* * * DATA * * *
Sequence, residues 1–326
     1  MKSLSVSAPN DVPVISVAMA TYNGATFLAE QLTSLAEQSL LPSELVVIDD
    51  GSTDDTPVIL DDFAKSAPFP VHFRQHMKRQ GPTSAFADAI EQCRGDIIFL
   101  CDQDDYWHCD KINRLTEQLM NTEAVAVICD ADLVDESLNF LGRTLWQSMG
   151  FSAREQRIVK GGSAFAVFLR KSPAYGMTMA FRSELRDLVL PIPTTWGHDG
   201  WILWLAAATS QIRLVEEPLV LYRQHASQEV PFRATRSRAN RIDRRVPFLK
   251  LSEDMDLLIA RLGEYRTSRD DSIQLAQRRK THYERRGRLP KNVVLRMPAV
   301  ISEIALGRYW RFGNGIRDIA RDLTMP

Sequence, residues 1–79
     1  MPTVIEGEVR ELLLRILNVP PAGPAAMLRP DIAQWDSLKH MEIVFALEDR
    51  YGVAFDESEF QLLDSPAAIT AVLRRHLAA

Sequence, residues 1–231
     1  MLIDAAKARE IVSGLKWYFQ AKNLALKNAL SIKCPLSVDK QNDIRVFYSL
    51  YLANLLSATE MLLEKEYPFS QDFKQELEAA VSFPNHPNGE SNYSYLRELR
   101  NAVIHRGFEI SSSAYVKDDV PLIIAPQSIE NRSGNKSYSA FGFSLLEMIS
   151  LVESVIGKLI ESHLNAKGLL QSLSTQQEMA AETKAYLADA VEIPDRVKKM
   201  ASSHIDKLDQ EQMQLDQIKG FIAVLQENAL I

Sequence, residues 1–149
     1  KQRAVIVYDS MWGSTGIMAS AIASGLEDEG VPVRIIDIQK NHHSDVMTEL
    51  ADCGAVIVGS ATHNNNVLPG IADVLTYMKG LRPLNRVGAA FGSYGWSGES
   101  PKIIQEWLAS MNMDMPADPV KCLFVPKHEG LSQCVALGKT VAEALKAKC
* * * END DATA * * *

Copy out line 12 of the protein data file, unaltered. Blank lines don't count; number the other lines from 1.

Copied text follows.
Sequence, residues 1–231